What bankers can learn from public health
When we speak at conferences about protecting intellectual property and critical information – IPCI – there are two groups that we expect to have no interest in the subject. The first is people who work for PCAOB, who routinely tell us that since IPCI has no book value, there is no need to account for its loss, no matter what the SEC requires. While this will cause problems for corporations when shareholder lawsuits over improper disclosure of losses hit, even if they settle rather than going to court, we are not concerned here with them.
The second group is bankers who know that by the nature of their business they are simply not targets, and therefore do not need to take appropriate precautions to protect their IPCI. It is not as if they do not recognize that they have information that might be of potential value – such as their customer lists the sales records of their salespeople, or their marketing plans. The information contained in their customers’ records might be another example: After all, wouldn’t you like to know everyone to whom your competitor writes a check? It is merely that bankers know in their heart of hearts that nobody would go after such information.
This sort of denial is commonly seen in the world of dealing with public health issues. Sexually transmitted diseases, as an example, tend to spread because people believe that those with whom they are sleeping simply could not be infected. Public health statistics would beg to differ.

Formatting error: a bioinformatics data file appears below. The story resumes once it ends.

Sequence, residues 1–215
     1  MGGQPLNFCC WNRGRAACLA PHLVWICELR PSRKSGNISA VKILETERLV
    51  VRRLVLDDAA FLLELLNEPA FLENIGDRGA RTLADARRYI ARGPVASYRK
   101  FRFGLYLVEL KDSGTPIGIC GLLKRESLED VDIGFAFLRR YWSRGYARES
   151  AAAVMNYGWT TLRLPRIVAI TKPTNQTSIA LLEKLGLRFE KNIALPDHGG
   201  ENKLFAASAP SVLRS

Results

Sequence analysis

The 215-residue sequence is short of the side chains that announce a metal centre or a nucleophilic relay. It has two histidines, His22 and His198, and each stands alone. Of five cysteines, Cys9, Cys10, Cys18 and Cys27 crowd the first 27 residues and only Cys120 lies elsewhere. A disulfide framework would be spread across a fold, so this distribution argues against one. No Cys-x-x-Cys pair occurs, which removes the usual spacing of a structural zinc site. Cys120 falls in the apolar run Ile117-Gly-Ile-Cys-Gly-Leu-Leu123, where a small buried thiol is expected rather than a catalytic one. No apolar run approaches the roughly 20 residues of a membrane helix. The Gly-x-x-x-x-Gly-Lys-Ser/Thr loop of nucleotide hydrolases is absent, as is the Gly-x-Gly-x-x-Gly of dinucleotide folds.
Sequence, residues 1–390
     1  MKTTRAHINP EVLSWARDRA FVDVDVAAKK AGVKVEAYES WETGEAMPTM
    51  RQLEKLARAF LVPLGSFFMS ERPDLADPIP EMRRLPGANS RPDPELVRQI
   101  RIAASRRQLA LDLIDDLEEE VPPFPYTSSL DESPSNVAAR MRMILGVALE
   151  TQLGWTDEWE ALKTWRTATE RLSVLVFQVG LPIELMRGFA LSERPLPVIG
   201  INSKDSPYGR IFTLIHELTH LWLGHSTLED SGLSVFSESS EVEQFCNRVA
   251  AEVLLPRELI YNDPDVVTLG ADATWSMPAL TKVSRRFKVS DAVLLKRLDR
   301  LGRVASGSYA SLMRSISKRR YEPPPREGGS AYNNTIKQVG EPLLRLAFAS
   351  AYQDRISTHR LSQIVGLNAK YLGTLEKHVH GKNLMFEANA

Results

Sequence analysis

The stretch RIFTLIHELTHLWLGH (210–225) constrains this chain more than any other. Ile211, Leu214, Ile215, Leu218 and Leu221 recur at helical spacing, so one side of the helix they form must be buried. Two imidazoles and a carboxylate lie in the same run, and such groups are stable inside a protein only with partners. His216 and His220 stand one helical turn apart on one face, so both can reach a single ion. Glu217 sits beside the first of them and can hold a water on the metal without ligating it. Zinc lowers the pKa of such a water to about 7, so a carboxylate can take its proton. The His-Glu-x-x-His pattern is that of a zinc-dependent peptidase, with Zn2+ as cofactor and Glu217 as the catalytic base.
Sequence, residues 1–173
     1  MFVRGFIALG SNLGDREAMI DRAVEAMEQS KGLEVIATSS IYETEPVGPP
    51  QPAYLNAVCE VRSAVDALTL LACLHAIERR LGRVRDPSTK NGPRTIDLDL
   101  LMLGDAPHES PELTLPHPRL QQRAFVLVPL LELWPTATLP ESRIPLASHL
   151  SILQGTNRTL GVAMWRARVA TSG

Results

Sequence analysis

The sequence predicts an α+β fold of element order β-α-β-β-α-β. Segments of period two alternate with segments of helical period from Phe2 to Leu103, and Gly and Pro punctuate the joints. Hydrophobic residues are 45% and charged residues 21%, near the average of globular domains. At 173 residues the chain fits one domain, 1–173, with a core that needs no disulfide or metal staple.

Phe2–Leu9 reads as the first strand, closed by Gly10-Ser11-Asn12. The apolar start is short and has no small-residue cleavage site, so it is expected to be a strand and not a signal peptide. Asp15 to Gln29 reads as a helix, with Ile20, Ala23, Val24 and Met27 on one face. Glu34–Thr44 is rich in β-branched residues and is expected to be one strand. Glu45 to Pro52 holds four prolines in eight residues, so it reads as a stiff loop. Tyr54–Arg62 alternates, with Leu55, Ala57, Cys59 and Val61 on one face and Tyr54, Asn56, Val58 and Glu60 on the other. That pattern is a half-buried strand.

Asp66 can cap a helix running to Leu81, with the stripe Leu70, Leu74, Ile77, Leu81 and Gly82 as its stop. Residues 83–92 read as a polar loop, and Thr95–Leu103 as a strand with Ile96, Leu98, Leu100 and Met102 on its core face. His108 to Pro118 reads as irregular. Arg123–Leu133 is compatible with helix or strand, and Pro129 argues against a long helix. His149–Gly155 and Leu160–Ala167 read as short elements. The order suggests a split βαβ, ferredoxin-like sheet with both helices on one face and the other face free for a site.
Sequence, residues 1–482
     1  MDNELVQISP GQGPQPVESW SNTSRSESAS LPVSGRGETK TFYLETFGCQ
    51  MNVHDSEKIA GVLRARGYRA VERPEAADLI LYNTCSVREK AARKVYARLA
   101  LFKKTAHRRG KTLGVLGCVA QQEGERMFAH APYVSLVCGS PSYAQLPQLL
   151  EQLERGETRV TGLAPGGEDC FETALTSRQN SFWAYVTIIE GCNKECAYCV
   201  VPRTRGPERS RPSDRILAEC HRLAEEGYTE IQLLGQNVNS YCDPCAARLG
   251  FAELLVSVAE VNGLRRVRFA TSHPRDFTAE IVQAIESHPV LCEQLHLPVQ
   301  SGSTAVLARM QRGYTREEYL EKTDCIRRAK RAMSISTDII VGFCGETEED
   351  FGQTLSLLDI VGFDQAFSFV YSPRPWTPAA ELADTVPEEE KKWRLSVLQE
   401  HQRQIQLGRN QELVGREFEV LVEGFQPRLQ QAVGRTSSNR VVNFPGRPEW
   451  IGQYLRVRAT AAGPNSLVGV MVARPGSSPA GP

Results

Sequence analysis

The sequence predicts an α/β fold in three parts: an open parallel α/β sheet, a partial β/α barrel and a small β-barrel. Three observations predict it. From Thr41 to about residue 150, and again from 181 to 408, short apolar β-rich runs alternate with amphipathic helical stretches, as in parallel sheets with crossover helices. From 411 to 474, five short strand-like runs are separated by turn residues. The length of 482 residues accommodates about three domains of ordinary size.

By the same token, the statistics on waste caused by unwillingness to deal with competitive intelligence, economic espionage, theft, and inappropriate disclosure are fairly compelling nationally: $300 billion lost annually, with the cost per incident being $50 million in manufacturing environments, and $500,000 in non-manufacturing environments, including banks. This translates to 7,500,000 American jobs lost each year.
Is the banking sector large enough to be a target? Well there are thirty commercial banks listed in the Fortune 500, and their combined revenues rounds to $635,472,000,000. Independent of our sure knowledge that banks are targets, the numbers should tell them that they must be very tempting targets indeed.
On the other hand, a strong case can be made that if your company takes a write-down of somewhere between $3 and 25 billion because of enthusiasm for unsecured mortgages (a good investment if you manage the portfolio, and, as we have seen, a bad investment if you don’t manage them), a $100 million loss doesn’t even hit the radar screen. So why would a senior manager care? Because while management might not care about $300 billion, or 7,500,000 jobs, shareholders do, and when shareholders care the SEC tends to be concerned. In addition, when customer data is the end target, rather than the bank as holder of the data, customers who are injured tend to get cranky and litigious.